title: Love Hate & Other Filters
author: Samira Ahmed
date: Soho Teen; January 2018
main character: Maya Aziz
17-year-old Maya is about to graduate high school. She’s actually a bit interested in the young man her parents totally approve of, but then, there’s Phil, the love of her life. Team Phil or Team Kareem? The choice isn’t quite so simple because Ahmed’s debut novel proves to be more than a simple romance; more than just another second gen Asian American novel about overcoming a set of traditional parents. There’s terror in this story.
Ahmed weaves suspense into her plot by giving her terrorist a parallel narrative. He’s part of the story, but he’s not. He’s an italicized addendum to most of the chapters. He’s part of Maya’s life, but he’s not. He, this terrorist, this insidious presence that has a direct impact on Maya and her family without ever directly touching them. Maya and her family are Muslim Indian Americans.
Adding to Maya’s stress is the fact that Phil is neither Muslim nor Indian American, someone Maya believes her parents will never approve. In that key moment, it’s Phil who saves Maya, and in smaller moments it’s Maya’s white bff Violet who saves and protect her. (Yes, Kareem is there when it counts, too!) Reads a bit like white saviors, doesn’t it? Well, I think I have a slightly different take on this. SPOILER: The situations in which Maya needs saving are created by white terrorists. She saved by her white friends. The message I see is that white people created this mess, white people need to fix it.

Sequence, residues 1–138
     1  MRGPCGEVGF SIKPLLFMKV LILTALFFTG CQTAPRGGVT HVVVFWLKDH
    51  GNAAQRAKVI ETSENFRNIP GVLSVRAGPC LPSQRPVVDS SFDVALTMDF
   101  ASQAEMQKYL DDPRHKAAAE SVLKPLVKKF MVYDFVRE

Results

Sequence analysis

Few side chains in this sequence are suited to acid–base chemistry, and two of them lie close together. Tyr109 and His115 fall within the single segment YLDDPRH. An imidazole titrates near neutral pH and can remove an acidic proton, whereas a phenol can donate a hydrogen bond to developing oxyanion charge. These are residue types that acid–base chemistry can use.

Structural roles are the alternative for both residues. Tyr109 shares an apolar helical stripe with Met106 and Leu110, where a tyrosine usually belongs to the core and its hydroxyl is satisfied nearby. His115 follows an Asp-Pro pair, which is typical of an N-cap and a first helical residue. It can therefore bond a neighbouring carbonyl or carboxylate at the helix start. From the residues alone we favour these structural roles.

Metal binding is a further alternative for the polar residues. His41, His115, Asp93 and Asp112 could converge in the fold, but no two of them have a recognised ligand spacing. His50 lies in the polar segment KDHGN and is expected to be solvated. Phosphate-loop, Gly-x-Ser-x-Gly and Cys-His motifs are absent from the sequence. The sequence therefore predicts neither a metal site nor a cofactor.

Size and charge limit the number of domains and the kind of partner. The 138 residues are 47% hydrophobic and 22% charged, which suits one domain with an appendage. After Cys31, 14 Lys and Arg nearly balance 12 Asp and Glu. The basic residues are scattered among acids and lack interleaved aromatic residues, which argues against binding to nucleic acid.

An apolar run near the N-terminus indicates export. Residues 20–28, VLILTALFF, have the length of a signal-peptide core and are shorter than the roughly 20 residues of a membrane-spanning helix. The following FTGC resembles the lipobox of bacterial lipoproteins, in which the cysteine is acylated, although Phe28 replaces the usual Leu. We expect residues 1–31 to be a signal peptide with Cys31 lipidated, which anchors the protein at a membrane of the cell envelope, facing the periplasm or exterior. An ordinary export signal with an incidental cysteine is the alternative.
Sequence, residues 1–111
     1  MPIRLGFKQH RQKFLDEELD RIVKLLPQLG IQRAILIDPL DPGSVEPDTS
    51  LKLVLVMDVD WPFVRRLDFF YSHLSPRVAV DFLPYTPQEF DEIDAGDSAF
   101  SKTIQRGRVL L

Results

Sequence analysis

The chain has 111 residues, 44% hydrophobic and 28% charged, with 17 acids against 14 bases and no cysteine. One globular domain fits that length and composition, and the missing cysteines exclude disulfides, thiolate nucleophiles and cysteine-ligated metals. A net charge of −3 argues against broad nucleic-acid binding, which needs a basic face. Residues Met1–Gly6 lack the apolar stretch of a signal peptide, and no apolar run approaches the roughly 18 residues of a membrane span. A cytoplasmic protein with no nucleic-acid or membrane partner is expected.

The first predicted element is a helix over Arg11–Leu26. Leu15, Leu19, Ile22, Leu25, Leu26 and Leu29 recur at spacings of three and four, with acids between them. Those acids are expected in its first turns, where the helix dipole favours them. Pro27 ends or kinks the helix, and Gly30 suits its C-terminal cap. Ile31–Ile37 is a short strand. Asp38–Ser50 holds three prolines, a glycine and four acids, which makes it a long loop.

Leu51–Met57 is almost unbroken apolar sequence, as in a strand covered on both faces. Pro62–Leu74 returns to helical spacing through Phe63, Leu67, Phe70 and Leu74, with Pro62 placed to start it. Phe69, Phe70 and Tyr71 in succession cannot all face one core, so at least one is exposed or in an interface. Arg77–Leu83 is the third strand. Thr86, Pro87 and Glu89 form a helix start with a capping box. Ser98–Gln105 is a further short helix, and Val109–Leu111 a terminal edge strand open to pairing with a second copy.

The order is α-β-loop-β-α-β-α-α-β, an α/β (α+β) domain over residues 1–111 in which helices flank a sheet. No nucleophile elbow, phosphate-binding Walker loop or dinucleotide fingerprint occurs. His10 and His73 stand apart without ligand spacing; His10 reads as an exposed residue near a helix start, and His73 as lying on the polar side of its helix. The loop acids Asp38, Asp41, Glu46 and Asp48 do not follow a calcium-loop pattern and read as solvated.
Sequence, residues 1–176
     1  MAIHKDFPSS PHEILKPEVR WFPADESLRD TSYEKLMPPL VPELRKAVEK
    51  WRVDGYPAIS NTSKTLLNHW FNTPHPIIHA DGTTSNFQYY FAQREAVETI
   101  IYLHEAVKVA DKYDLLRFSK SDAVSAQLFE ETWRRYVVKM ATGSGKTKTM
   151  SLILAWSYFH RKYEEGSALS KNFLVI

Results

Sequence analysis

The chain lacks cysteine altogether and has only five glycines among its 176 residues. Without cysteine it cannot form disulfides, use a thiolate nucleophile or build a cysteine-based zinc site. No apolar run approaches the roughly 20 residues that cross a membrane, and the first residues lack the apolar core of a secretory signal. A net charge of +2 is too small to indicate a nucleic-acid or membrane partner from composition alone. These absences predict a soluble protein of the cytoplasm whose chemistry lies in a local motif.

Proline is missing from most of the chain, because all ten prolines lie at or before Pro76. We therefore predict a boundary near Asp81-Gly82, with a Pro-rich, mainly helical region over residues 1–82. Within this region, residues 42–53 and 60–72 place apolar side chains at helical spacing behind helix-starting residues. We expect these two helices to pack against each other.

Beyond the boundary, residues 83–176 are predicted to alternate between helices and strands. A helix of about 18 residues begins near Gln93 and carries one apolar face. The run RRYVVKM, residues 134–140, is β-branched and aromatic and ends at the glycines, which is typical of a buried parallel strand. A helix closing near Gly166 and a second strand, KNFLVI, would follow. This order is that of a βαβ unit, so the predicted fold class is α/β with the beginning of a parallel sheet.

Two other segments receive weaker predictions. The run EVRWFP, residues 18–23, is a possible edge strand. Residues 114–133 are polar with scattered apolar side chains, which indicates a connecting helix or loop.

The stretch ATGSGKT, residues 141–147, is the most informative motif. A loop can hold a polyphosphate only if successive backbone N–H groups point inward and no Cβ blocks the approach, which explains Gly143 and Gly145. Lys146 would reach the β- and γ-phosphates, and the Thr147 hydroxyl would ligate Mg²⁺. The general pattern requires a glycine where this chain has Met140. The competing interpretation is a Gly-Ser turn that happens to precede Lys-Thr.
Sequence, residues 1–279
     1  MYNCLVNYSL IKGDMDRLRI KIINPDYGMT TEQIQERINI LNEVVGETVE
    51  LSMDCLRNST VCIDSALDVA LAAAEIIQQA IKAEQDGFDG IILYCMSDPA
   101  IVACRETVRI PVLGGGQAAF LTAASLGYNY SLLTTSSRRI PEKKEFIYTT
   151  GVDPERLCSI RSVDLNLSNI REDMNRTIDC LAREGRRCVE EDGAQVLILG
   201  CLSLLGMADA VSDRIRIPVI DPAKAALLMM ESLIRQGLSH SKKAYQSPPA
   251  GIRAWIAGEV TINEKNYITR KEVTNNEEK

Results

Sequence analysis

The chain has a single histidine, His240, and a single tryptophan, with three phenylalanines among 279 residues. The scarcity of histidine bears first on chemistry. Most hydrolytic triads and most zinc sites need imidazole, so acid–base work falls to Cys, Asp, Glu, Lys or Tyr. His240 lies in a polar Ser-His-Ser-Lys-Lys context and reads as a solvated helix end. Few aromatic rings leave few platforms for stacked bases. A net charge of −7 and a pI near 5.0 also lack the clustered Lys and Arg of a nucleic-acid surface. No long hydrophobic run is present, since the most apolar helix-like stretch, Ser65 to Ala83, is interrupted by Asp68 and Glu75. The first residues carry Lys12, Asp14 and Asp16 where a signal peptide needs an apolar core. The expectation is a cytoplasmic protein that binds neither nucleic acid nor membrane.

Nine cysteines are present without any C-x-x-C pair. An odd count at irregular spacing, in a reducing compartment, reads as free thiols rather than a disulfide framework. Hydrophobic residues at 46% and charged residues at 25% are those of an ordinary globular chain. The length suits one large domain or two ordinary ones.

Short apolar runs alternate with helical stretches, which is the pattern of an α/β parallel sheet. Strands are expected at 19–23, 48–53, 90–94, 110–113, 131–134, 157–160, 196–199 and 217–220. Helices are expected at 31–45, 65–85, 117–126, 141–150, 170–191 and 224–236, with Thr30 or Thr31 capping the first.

I don’t think Ahmed intentionally develop either of these messages, I think she simply wrote a story with enough depth to allow readers to relate to the characters and find their own meaning through the situations she’s created. I’m old enough to completely have sympathized with Maya’s parents; they were bad parents, just of a certain generation, you know? I remember my youth enough to understand Maya wanting her independence. Again, skillful writing that brought the tension involved in Maya trying to develop sense of American independence.
I liked Voilet, would like to have seen her flushed out a bit more so that her motives would have been more clear. I read an advanced copy, so I’m not sure what changes may have been made to the final version of the book.
Love Hate & Other Filters gives readers a little more meat to chew on than is typically found in romance novels.